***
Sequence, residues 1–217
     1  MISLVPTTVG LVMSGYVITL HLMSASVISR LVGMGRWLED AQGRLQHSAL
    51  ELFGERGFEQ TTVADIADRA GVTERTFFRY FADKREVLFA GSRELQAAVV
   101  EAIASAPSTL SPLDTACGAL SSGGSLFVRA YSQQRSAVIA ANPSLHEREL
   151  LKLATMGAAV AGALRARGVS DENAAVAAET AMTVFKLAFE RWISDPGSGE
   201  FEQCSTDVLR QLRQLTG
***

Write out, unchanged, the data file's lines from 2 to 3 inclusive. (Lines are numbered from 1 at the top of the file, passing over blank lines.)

     1  MISLVPTTVG LVMSGYVITL HLMSASVISR LVGMGRWLED AQGRLQHSAL
    51  ELFGERGFEQ TTVADIADRA GVTERTFFRY FADKREVLFA GSRELQAAVV